Managing Ethiopia’s current political crisis requires going beyond democratic reform and instead thinking about the political economy and institutions that shape elite competition along ethnic lines.
By Goitom Gebreluel & Biniam Bedasso (Al Jazeera) | *Nemera Mamo is a co-author of this article. He is a teaching fellow at SOAS, University of London.
Ethiopia has been experiencing recurrent mass protests, riots and ethnic conflicts over the past two years that have claimed the lives of thousands and displaced hundreds of thousands.
State collapse is so far an extreme and unlikely scenario given that the conflicting parties are internal actors in the system and have a vested interest in its survival. A more likely but still dangerous scenario is a long-term vicious cycle of political conflict and economic stagnation that cripples state and society.
Much of Ethiopia’s appeal to global investors lies in the high-level political commitment to economic growth. Political instability risks eroding the hard-won economic gains it has registered over the past decade.
Analysts and the international community have often attributed the current crisis either to Ethiopia’s ethnonational federal system or the near total curtailment of political space since the disputed parliamentary elections in 2005.
While political liberalism is a moral imperative on its own accord – and long overdue – it is, nevertheless, an insufficient solution to the political quagmire that the Ethiopian state finds itself in. The ethnonational federation is also not the primary source of the problem, and its abolishment is neither desirable nor a realistic proposition.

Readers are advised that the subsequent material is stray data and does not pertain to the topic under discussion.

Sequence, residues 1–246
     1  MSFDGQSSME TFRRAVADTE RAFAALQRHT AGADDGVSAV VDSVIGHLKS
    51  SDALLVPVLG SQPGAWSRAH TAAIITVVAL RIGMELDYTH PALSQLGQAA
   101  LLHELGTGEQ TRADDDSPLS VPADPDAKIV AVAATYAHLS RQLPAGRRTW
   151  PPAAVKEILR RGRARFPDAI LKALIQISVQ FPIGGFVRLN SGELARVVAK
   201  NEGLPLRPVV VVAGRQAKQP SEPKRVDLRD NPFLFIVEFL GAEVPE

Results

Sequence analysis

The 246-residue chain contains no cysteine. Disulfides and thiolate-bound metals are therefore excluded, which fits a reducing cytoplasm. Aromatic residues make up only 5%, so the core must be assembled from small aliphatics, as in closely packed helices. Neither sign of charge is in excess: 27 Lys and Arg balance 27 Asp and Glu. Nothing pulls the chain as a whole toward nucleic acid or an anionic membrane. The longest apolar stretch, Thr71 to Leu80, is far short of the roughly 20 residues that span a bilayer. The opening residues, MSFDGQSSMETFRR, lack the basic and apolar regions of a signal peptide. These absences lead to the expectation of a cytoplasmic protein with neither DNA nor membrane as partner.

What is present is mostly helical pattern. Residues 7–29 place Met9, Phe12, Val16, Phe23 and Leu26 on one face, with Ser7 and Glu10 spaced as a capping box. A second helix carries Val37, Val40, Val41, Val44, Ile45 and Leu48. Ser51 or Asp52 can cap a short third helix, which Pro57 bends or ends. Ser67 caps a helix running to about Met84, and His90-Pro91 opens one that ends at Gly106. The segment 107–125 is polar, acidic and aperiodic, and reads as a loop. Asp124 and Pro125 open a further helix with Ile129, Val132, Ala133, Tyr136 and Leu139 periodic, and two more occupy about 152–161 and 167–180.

The government’s response to the problem has also been inadequate. It has primarily attributed this to corruption and a stalled democratic process. Based on this diagnosis it has taken important yet inadequate measures such as releasing political prisoners, initiating dialogue with opposition groups and demoted officials.
Managing Ethiopia’s current political crisis requires going beyond democratic reform and instead thinking about the political economy and institutions that shape elite competition along ethnic lines. The two most important reform measures that should be embarked upon immediately in this regard are devolving more power to the regional states in accordance with the Constitution and de-ethnicising elite competition at the federal level.
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